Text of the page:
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Louisiana Boardwalk depends upon Red River Entertainment District

The Louisiana Boardwalk is off to an excellent start, but is it inherently able to deliver on its promises of economic development?

Large sales numbers may be nice, but they constitute just one part of the development puzzle. To understand the situation in this metropolitan area, we must take into account two facets.

Beginning with the most parochial, we must note that there exists a fundamental mismatch between the philosophy behind the Louisiana Boardwalk and the current main economic engine of Bossier City – gambling (sorry, “gaming;” gambling is supposed to be suppressed according to our state Constitution). The Boardwalk gets marketed as an all-inclusive, “family” destination. By contrast, gambling is, by its nature, an adult vice.

The dream behind the Boardwalk includes the attraction of people of all ages to find amusement through various outlets. But we must face the fact that only a small percentage of its patrons are going to come from outside the metropolitan area just to go to it. The main reason outsiders people visit Bossier City is the casinos.

To the majority of people who come from, for example, the Metroplex, shopping, dining, movies, clubs, etc. is something they can do at home. In Bossier City, then, they try to maximize their opportunities to do the one thing they cannot at home, gamble. Further, not to sound denigrating, but most people who like to gamble enough to build vacations around it are not generally going to be as interested in raising children or bringing them along with them on their gambling sprees.

In short, the philosophy behind the Boardwalk matches up poorly with the intentions of the main source of visitors from outside the area. Since it will attract few on its own merits, there is only one real way it can spur economic growth without otherwise poaching customers from existing Bossier City business – getting them from Shreveport.

This brings us to the larger point – the economic fortunes of the cities are too intertwined to make Bossier City beggaring Shreveport a viable development strategy. Another current fact of life around the area is that one takes away the casinos and Bossier City is mainly a bedroom community to Shreveport. Subtracting casinos from both sides of the river, while Bossier Parish’s population is 39 percent of Caddo’s, it only has 23 percent as many jobs as Caddo (with casinos, the figure rises to 28 percent; 2002 data). Further, per capita Caddo’s property assessments are only 83 percent of Bossier’s – because with a higher proportion of property being the more valuable commercial kind in Caddo, the per person rate becomes lower.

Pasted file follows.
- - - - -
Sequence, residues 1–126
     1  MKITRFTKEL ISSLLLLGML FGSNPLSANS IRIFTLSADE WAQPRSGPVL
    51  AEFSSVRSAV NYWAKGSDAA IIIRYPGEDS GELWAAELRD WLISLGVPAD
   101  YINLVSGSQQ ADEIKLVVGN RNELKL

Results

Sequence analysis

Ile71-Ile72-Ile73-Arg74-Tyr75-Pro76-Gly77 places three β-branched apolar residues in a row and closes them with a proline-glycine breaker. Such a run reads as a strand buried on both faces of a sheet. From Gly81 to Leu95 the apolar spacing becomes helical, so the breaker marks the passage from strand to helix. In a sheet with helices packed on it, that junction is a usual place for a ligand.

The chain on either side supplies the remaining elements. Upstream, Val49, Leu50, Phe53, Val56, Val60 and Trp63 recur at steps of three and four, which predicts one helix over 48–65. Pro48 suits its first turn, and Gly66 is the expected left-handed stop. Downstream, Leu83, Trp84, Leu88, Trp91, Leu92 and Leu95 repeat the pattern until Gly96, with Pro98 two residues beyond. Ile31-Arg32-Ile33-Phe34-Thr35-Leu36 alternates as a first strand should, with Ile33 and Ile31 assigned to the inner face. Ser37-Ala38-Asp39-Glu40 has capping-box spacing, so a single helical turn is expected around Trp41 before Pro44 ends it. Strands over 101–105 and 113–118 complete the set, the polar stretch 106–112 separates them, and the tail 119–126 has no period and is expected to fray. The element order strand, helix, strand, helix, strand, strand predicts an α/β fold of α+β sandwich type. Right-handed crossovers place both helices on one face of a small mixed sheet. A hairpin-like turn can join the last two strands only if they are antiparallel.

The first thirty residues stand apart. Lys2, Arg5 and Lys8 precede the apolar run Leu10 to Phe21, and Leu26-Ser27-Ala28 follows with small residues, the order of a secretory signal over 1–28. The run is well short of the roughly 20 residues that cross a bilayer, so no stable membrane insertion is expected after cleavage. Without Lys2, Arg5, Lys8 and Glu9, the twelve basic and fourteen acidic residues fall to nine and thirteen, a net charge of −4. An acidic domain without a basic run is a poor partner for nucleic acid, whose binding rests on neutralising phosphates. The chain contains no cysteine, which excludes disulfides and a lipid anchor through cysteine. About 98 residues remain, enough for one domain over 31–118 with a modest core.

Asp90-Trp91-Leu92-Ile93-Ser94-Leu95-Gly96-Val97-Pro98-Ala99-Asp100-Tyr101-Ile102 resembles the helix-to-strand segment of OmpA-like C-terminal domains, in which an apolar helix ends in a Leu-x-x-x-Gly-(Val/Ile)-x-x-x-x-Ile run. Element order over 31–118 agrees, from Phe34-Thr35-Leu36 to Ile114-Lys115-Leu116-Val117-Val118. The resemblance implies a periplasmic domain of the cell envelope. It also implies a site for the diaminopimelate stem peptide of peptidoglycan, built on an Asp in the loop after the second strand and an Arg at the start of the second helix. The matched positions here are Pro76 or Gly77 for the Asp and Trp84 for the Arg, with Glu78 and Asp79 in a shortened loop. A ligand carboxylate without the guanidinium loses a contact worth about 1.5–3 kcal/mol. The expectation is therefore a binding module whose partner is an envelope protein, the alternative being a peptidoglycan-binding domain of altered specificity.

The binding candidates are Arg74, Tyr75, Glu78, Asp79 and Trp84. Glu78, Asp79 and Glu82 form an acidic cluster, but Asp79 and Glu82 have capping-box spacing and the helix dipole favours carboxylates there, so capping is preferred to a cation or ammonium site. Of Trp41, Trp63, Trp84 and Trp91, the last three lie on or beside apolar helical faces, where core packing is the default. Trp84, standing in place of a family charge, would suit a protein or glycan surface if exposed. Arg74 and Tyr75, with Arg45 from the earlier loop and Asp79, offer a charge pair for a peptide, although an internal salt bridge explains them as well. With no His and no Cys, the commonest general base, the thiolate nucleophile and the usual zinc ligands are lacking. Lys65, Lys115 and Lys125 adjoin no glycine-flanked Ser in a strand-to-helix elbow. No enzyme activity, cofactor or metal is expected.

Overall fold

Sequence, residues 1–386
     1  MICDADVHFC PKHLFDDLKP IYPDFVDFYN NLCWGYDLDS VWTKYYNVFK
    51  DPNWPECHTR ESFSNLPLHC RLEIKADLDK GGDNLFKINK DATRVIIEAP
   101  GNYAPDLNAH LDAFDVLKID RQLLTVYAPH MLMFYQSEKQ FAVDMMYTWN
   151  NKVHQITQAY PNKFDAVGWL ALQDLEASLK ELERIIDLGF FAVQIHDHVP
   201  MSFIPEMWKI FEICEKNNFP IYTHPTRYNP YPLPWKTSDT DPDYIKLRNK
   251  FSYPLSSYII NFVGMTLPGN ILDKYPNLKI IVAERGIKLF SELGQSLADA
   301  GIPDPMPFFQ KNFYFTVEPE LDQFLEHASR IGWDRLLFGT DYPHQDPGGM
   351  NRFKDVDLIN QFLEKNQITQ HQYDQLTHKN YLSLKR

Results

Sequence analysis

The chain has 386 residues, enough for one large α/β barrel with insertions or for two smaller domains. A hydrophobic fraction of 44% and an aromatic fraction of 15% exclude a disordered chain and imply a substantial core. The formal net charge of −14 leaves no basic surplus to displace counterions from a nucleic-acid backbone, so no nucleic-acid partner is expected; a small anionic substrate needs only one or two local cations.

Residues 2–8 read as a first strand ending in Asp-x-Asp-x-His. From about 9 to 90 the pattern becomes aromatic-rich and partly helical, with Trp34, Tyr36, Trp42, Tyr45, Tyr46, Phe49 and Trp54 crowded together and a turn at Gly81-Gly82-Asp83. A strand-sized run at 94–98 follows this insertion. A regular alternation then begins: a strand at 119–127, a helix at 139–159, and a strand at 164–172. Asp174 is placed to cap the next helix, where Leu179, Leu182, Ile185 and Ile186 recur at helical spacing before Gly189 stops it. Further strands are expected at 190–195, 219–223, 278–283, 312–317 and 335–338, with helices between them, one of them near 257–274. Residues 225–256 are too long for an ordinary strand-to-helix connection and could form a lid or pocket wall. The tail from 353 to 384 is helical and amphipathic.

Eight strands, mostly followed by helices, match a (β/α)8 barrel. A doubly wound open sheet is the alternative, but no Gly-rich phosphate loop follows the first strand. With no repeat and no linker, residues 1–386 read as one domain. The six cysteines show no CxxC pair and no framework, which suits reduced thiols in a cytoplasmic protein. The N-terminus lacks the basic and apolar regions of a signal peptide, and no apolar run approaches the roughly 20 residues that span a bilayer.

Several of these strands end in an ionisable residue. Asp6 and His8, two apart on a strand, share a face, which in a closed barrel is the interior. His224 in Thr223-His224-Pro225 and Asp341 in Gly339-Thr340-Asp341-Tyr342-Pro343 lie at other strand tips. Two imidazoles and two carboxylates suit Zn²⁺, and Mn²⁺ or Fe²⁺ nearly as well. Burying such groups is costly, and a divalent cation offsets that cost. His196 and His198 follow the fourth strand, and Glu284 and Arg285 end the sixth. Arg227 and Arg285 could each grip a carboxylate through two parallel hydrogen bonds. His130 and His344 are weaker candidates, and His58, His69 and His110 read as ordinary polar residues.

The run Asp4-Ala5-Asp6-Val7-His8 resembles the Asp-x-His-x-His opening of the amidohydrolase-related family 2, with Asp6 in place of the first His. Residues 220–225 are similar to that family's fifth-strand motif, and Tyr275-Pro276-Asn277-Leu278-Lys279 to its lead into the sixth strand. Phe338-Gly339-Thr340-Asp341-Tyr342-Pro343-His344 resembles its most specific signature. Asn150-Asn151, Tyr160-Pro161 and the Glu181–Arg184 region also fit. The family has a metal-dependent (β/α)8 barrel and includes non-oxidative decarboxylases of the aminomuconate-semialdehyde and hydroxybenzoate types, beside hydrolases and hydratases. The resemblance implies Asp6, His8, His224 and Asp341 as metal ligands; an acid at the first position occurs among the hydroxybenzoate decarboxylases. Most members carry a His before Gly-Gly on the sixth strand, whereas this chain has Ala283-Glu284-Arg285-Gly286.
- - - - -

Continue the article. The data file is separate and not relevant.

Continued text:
That means, in the final analysis, drawing in sales tax revenues from Caddo residents only marginally improves Bossier City’s position – because Bossier depends upon Caddo’s economy and taking dollars out of that economy harms Bossier. Thus, pursuit of an economic development strategy in isolation within the metropolitan area will have less chance of success.

Interestingly, Shreveport’s troubled Red River Entertainment District presents a better fit with the dominant gambling industry with a more “adult” theme to it and is located within easy walking distance of the casinos. It has had its own problems, however.

First, unfortunately people in this area of the country are lazy when it comes to walking. It does get hotter in the summer but people in large cities across the country think nothing of walking several blocks from parking or mass transportation to a destination. But the mentality that one has to be able to hop out of his car and walk briefly to an entrance has a strong hold in the south and even if the District claims there are 2,000 parking spots nearby, in reality considering the District and casinos are crowded at the same time (night, especially weekend) within a block of it there might be 150 spaces.

Second, there is a perception of a lack of safety mainly because of crowds of youngsters nearby and past unfortunate events such as shootings in the area. Doing such things as blocking off Commerce Street and increased police presence have been implemented but the reputation lingers.

The Boardwalk has dealt with these potential problems by having its own large parking garage next to the facility (courtesy of Bossier City) and implementing a code of conduct (which already has spawned urban legends). But these have an effect of reducing synergy with the surrounding environment, and only by connecting it to the larger world will it bring Bossier City its envisioned tax receipts.

Therefore, the Boardwalk would maximize its economic growth potential by being connected not just to the District, but the casinos downstream. Talk of a water taxi across the Red River should be supplemented with improving pedestrian facilities across the Long-Allen Bridge and access from it to each area, even including surface mass transit. The Bossier “Boardwalk” could be extended under I-20 to the casinos.

In short, this will require cooperation between Shreveport and Bossier City, not a dominant theme between the two in the past. Seeing the big picture, not building a hotel here and providing infrastructure there without a vision based on limits and reality, is needed, and that would require thinking atypical of past political leadership on both sides

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